“I think you’ve had enough.”
“There you go again, with the I thinks. I think this about Meredith, I think that about Meredith. Well guess what? I don’t need Jack to tell me when I’ve had too much…JACK! Pffffff. Now please leave.”
“Not until I’m sure you won’t get sick. I can’t remember how much liquor was left in that bottle.”
“Okay, but can you close that door? You’re letting all the freezy-freezy air out.”
He obliges then I hear him take off his shoes and sit down on my bed. Meanwhile, I’m lying in the shape of a chalk outline from a homicide, legs splayed on the floor.
“I didn’t realize you were a drinker,” he says gently.
“I’m not. I hated every sip. Alfred peer pressured me.”
“Well watch out around him, he’s also a big fan of tattoos.”
“Ha ha, funny man. Now, please be quiet. I was in the middle of wallowing and I’m not finished. You can stay, but you have to stop asking me questions.”
The bed creaks, and maybe he’s getting comfortable where I sleep. Maybe he’s stinking up my blankets with his sexy scent. I’ll have to run the linen through the wash twice tomorrow morning, or I could just leave his scent there…maybe that wouldn’t be so bad. I push the rogue thought aside and try to get back to what I was thinking about before he so rudely interrupted me. Oh, right, Mexico. Mexico…I can’t remember why I was thinking about Mexico. I groan, fling my arm away, and sit up, eyes blinking open as I try to find my balance.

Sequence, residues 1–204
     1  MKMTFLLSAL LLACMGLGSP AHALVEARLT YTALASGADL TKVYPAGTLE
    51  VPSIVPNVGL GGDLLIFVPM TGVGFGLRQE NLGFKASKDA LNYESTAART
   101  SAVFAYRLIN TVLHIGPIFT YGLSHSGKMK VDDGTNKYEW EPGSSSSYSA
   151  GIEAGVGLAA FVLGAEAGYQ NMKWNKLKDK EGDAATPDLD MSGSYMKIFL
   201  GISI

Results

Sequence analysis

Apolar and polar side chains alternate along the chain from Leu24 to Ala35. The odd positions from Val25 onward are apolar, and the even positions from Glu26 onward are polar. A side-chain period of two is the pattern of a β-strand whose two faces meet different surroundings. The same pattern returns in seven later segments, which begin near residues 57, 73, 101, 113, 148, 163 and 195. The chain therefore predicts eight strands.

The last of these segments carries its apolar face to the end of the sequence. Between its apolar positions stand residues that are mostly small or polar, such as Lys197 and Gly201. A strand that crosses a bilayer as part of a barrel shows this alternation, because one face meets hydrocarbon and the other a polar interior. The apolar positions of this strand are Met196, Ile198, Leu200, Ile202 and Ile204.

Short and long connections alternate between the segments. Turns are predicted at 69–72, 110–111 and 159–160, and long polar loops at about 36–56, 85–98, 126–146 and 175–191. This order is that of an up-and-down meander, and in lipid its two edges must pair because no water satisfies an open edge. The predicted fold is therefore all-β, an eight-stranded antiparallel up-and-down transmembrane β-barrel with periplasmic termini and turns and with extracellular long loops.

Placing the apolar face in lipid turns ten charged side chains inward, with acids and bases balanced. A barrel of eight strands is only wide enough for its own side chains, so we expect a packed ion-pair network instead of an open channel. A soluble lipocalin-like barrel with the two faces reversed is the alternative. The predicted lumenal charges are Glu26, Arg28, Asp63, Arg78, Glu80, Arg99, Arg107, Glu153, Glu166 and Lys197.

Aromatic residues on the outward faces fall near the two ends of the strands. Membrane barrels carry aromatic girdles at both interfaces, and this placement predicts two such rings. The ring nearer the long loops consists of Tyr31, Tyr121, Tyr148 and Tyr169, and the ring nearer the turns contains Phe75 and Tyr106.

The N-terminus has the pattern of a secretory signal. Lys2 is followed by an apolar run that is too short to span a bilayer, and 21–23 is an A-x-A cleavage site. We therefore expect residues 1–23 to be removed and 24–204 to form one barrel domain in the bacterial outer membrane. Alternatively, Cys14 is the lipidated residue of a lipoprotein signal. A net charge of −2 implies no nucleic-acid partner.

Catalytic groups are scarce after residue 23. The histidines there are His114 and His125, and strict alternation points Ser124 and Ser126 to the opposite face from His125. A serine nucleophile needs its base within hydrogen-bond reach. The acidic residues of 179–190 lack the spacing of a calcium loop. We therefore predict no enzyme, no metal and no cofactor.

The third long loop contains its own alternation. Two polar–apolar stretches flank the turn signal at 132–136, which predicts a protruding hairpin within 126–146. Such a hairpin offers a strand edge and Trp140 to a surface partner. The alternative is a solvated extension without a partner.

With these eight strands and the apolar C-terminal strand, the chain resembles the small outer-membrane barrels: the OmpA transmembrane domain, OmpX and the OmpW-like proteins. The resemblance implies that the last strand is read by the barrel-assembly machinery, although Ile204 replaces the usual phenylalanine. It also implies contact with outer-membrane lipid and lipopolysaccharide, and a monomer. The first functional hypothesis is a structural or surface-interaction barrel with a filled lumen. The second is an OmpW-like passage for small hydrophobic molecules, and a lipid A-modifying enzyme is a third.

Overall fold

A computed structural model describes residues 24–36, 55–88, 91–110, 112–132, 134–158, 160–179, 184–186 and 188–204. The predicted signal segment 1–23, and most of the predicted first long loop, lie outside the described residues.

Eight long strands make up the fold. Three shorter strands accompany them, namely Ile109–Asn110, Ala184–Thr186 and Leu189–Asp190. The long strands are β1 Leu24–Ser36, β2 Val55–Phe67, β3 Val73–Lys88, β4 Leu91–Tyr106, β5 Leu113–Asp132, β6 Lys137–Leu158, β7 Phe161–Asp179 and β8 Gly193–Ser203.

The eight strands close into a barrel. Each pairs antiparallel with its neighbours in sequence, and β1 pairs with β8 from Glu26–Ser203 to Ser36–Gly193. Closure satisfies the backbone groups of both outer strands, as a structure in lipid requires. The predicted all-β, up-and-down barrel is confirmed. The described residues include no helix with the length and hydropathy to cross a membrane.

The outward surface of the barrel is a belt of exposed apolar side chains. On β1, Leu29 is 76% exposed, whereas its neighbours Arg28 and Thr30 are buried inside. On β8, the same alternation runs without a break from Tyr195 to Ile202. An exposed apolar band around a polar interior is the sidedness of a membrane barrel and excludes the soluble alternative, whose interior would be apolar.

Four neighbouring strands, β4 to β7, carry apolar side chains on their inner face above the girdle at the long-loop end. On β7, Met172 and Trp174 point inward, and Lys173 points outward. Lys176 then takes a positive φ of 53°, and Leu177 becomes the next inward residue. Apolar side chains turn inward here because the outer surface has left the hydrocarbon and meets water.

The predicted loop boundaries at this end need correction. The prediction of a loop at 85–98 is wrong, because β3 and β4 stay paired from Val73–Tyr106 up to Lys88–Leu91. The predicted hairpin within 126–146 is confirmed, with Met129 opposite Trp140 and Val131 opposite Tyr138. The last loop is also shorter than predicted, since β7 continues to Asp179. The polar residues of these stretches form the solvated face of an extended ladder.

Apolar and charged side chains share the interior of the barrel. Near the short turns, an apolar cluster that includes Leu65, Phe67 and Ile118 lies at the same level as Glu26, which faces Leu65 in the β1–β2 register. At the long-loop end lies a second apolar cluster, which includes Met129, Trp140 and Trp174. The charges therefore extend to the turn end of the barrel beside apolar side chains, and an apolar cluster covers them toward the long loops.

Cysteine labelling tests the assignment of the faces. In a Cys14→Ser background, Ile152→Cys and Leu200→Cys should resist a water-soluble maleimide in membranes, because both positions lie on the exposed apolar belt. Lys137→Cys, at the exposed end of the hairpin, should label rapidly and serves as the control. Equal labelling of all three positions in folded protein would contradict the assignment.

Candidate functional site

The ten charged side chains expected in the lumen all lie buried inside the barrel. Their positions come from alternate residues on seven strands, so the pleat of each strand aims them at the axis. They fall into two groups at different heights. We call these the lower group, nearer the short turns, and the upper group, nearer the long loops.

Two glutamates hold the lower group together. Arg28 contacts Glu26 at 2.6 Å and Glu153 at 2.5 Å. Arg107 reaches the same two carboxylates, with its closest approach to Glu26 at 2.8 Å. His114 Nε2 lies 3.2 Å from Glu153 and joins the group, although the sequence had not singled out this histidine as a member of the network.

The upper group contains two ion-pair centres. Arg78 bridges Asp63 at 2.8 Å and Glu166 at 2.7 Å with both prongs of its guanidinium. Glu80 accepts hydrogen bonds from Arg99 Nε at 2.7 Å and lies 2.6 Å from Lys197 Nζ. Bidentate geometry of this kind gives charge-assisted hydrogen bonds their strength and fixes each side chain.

Jack’s sitting on the bed, just as I imagined, except he’s not in his suit anymore. Like me, he changed when we got home. Sweatpants and a t-shirt—how adorable of him.
“Have you been here long enough to confirm I’m not going to get sick?”
The very edge of his sexy mouth tips up like the smirking emoji. “No.”
I glance away. “Right.”
“Why were you drinking?”
I sigh and lie back on the rug. My head is spinning.
“Are you okay?”
I hold up both thumbs. “Peachy.”
“Why did I drive you to drink?”
“Because you hurt my feelings on Thursday.”
“I’m sorry for that, Meredith.”
“Yeah, I’ve heard that before. I know the routine. It goes like this: make me fall for you, be mean to me, say you’re sorry, and then repeat. It’s the same thing Andrew used to do.”
“He was mean to you?”
“I don’t want to talk about this.”
“How was he mean to you?”
There’s a long silence as I stare up at the ceiling.
“I don’t want to talk about it.” I enunciate the words like they each make up their own sentence.
“How about we trade off?” he goads. “A secret for a secret?”
“I know all your secrets.”
“Edith told me about your parents’ accident. She told me how you changed. It’s why I know you’re not as mean as you pretend to be.”
“You told me on Thursday I’m the meanest person you’ve ever met.”
“It might still be the truth, but I just wanted to make you feel bad for hurting me.”
“See? You just went first. That’s a secret.”
That wasn’t so bad, I guess.
“Tell me one of yours.”
With my gaze on the ceiling, it’s like I’m lounging on a therapist’s couch. It almost feels like he’s not really there, like we aren’t really talking at all.
“All right. I actually like your cooking,” he admits.
I smile then wipe it away quickly before he sees it. “That doesn’t count. Everyone likes my cooking. I want a real one.”
“Okay fine. You want to go deep?” He thinks for a second, and then he sighs. “The way I figure, there’s only a handful of people who really give a shit about you in this life. I’m not talking about friends you see at Super Bowl parties. I’m talking about people who would take a bullet for you. There just aren’t that many, for a lot of people.”
“I know what you mean.”
“I used to have three people like that, and the day my parents died, I lost two of them. Now it’s just me and Edith.”